Twelfth Report of Session 2013-14 - European Scrutiny Committee Contents

19   Report on the application of subsidiarity and proportionality



COM(12) 373

Commission report on subsidiarity and proportionality (19th report on Better Lawmaking covering the year 2011)

Legal base
DepartmentForeign and Commonwealth Office
Basis of considerationMinister's letters of 28 January and 11 July 2013
Previous Committee ReportsHC 86-xxi (2012-13), chapter 7 (28 November 2012); HC 86-xii (2012-13), chapter 4 (12 September 2012)
Discussion in CouncilNo date set
Committee's assessmentLegally important
Committee's decisionCleared


19.1  The annual report from the Commission examines the implementation of the principles of subsidiarity and proportionality by the Commission, the European Parliament, the Council, the Committee of the Regions and the Court of Justice. The report also explores how the role of national parliaments has developed in scrutinising the principles of subsidiarity since the entry into force of the Lisbon Treaty. The obligation on the Commission to prepare these annual reports is found in Article 9 of Protocol No. 2 on subsidiarity and proportionality, the subsidiarity Protocol.

19.2  We reported on the Commission's report on 12 September and 28 November.[65] On the last occasion, we asked the Government a series of more general questions about how it approaches its assessment of a Commission proposal's compliance with subsidiarity.

The Minister's letters of 28 January and 11 July 2013

19.3  The Minister for Europe (Mr David Lidington) replied on 28 January, saying that the Government was grateful for the Committee's close attention to the principle of subsidiarity, and its continued work to uphold it. He continues that subsidiarity as set out in the Treaties is a relatively abstract concept, which may be better understood and applied through debate and dialogue between national governments, national parliaments, Member States and the EU institutions. Therefore the present exchange of letters with the Committee on this subject is welcome, the Minister states, not least as it enables the Government to ensure the guidance for officials is as accurate as possible.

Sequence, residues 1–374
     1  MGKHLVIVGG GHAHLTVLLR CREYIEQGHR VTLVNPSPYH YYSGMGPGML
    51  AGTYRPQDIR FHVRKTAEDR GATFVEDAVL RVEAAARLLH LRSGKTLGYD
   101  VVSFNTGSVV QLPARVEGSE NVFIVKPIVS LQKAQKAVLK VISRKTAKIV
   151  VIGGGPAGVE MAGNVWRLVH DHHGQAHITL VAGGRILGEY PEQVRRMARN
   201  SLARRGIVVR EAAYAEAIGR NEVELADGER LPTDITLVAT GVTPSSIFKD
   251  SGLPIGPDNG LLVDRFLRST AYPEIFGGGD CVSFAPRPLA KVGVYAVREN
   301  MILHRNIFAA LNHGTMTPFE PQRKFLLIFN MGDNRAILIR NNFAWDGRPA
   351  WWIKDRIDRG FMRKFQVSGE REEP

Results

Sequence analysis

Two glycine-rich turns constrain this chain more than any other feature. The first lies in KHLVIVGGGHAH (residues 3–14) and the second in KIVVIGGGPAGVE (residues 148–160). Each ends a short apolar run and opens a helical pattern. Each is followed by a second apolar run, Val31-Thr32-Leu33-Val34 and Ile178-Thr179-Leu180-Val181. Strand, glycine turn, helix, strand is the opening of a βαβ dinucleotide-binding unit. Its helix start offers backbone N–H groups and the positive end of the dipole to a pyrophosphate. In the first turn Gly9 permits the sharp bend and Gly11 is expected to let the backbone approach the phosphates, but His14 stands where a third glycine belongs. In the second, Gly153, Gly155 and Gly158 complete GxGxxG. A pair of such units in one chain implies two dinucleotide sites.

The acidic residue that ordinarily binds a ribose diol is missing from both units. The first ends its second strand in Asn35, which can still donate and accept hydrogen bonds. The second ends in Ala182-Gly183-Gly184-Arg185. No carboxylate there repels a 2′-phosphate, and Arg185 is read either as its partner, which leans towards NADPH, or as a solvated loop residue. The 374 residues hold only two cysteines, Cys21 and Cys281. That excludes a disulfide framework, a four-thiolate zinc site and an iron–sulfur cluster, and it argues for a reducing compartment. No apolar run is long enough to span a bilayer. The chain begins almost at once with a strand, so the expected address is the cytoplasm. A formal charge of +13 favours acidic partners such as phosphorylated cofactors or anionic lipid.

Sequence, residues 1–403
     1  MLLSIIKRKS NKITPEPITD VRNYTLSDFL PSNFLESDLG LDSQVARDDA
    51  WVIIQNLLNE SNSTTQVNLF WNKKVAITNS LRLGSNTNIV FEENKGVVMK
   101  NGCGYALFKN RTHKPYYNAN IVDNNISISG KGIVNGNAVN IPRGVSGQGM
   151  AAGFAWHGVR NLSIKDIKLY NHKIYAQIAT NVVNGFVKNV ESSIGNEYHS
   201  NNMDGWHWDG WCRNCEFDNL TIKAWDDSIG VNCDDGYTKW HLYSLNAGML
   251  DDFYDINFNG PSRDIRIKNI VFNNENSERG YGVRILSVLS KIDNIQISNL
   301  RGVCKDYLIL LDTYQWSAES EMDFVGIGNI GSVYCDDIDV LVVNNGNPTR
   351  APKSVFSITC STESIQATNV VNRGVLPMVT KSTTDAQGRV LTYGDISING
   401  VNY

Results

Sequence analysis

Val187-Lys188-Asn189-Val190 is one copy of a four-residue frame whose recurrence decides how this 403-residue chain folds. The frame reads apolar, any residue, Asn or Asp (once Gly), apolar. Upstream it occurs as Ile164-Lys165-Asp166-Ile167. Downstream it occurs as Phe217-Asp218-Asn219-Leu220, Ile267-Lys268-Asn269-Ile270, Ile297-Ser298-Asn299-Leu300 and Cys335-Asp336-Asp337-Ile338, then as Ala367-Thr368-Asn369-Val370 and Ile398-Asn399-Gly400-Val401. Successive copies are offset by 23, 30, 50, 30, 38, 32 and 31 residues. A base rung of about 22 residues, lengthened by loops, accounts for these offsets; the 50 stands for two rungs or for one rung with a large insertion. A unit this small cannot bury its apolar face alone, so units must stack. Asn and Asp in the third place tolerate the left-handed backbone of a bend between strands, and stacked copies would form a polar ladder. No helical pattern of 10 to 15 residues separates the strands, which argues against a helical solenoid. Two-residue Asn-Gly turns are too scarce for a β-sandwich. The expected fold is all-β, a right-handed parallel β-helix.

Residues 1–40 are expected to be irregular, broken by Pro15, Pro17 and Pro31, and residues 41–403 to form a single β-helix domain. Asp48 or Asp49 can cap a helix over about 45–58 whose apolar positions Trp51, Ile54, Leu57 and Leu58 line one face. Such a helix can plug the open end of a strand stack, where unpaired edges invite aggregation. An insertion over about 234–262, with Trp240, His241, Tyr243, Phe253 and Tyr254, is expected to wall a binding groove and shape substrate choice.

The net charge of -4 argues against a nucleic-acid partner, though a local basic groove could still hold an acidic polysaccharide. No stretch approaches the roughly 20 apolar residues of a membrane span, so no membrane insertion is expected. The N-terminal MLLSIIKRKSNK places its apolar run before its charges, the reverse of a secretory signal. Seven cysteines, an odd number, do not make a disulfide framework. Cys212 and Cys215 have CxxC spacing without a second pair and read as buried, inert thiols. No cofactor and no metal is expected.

19.4  The Minister notes that, in its report of 28 November, the Committee raised three further issues. First, in paragraph 7.8 we disagreed that the Commission should include a comprehensive and detailed analysis of subsidiarity in an impact assessment that accompanies a proposal. We took the view that Article 5 of Protocol 2 to the TEU and TFEU, which states that, "any draft legislative act should contain a detailed statement making it possible to appraise compliance with the principles of subsidiarity and proportionality", is an indication that such an assessment should be contained in the Commission's explanatory memorandum rather than an impact assessment.

19.5  According to the Minister, Article 5 is not, unfortunately, specific as to the form and the document in which the assessment should be included, providing only that it should be provided in the relevant draft legislative act, which most commonly takes the form of a Commission proposal. Therefore, the Minister continues, there is nothing to preclude the Commission from presenting the analysis and statement in a proposal's impact assessment. Moreover, where the assessment of subsidiarity and proportionality includes detailed analysis, based on extensive evidence, it would be more appropriate for it to be contained in the impact assessment. However, the Government agrees that the Commission's explanatory memorandum should at least contain the essential elements of the subsidiarity assessment which, where helpful, makes references to the full impact assessment, in order to help national parliaments complete their own assessment of subsidiarity within the eight-week deadline. The Government's subsidiarity guidance will be updated to ensure that UK officials are aware of this when engaging with the Commission.